Australia in SA
Johnson to force SA rethink
Mitchell Johnson (AP Photo)
Centurion - Brutalised by Mitchell Johnson, a fast bowler right on top of his game and often operating at blinding speed, South Africa may be forced into a significant tactical alteration to their side for the second Test against Australia in Port Elizabeth.AS IT HAPPENED: SA v Australia - Day 4
The most obvious area the team’s brains trust will need to address urgently is the batting line-up, a department that was so awfully brittle - the admirable AB de Villiers apart - in the 281-run rout at SuperSport Park here on Saturday.
Tough and capable cricketer though Ryan McLaren is - and he had a few promising bowling moments in the otherwise violently one-sided first Test - the Proteas sacrificed plenty in the batting department when they effectively replaced retired versatile top-order great Jacques Kallis (13,289 Test runs at 55.37) with much more of a bowling all-rounder in the shape of the now two-cap Knights player.
It was a major statement of confidence in the ability of the remaining batsmen in the side, given that South Africa were henceforth going to go one specialist willow-wielder light and cause promotions up the order for men like Faf du Plessis and JP Duminy.
Du Plessis got out twice in the current Test to deliveries he could do very little about, so deserves further opportunities to see whether he can settle into the crucial No 4 spot vacated after so many years by Kallis.
But Duminy is becoming a bit of a problem, especially since the abandonment of the “seven batsmen” formula which means he is intended to prosper more regularly now at No 6.
The snag is that the little left-hander is hardly glued into his Test spot: he has managed a top score of only 28 in his last seven knocks in the arena, and his average after 22 Tests is a less than enthralling 31.82.
It is just the sort of ammunition - as if they really needed any more - to have the cock-a-hoop Aussies believing they’ve got South Africa’s number in the batting department: even a proven, gnarly figure like Hashim Amla is not exactly in vintage touch this season so it is increasing the collective pressure.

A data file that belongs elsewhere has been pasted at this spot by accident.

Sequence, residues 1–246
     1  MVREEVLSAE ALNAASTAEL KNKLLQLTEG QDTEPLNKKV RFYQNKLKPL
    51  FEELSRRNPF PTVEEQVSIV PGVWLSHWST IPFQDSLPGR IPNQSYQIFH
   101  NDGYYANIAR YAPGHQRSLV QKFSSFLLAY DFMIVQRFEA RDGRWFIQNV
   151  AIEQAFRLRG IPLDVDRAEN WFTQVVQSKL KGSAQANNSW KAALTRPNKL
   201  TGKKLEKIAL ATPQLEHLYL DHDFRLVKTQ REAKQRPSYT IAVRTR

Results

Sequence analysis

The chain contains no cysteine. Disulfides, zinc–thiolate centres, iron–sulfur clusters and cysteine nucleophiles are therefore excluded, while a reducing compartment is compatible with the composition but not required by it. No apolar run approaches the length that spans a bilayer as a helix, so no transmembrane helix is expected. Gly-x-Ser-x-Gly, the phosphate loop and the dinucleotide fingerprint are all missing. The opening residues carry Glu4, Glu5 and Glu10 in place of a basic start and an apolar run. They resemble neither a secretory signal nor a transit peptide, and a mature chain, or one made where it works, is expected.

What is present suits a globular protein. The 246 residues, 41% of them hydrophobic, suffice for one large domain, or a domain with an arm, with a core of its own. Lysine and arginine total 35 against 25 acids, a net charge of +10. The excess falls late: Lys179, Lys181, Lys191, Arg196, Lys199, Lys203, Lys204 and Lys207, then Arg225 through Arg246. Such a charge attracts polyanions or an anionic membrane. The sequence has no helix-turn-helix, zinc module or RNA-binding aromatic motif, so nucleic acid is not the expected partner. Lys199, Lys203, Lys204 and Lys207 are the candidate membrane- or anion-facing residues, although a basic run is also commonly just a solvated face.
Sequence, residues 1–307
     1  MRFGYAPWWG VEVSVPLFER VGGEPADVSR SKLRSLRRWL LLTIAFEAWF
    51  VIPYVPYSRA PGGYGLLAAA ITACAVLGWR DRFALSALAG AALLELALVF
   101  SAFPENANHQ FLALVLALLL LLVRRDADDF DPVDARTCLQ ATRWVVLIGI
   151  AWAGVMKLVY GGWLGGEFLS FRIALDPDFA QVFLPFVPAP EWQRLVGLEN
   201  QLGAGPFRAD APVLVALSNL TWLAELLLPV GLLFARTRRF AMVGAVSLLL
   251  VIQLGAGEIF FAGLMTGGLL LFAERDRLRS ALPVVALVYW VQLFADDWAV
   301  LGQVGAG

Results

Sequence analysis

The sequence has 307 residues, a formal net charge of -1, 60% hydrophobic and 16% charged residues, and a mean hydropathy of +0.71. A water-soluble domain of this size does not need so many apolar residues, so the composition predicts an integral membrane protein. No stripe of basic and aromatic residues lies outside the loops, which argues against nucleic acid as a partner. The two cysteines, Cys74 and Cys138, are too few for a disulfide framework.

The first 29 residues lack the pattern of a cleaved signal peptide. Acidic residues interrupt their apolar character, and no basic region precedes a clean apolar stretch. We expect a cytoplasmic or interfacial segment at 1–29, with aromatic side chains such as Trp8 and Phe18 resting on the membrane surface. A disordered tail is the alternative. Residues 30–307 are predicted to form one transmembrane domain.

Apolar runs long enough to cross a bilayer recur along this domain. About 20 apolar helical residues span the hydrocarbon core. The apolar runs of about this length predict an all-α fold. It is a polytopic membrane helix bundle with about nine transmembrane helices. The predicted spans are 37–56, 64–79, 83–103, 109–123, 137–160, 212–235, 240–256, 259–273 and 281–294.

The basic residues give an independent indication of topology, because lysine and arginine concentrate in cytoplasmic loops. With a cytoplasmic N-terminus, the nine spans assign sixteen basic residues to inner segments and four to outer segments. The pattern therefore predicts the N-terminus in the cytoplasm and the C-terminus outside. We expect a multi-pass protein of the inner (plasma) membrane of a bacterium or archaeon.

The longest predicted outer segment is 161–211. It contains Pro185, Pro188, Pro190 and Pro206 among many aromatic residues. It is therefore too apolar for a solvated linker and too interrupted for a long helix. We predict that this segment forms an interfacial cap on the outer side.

Compounding the insecurity is that right at the top of the order, Alviro Petersen continues to flirt with the axe.
He is the sort of player with a knack of suddenly coming off just when his place is in jeopardy, and it has to be remembered that he had a decent last series against India very recently, with scores of 21 and 76 at the Wanderers and 62 and 31 not out at Kingsmead.
But he was dismissed a little limply by the lethal Johnson each time for scores of two and one here, and his own average after 29 Tests has dipped to 37.30 - not quite the stuff expected, perhaps, of an opener for the world’s still No 1-ranked outfit.
Frankly, it seems a no-brainer to me that the Proteas simply have to shore up their batting for St George’s Park, such has been the impact made by the left-arm thunderbolt Johnson (match figures of 12-127 at SuperSport Park and some fearful head and bodily strikes too).
If it means they have to play seven out-and-out batsmen and then decide who their most suitable four bowlers are for the PE task (plus the fifth, slightly part-time element of Duminy’s off-spin), then so be it.
The pitch in the Friendly City may be flatter, but it is also not averse to exhibiting uneven bounce as games wear on, so that should stay right up Johnson’s alley.
A complicating issue, admittedly, is that the current spare batsman and next in line in the greater Proteas squad, Dean Elgar, is not in best nick himself.
He was also not freed up to get some runs under his belt in the latest round of Sunfoil Series matches, so there may be some cobwebs.
The gritty left-hander deserves further opportunities, I believe, but it is no comfort that in his last game against the Aussies - his debut in Perth in late 2012 - he got a pair in what was otherwise a memorable series-clinching triumph for South Africa.
Can you imagine how the Australians would get in his ear if he takes guard at St George’s Park.
Names like Quinton de Kock and Stiaan van Zyl must be closer and closer to discussion among the wise men for the Test mix ...*Follow our chief writer on Twitter: @RobHouwing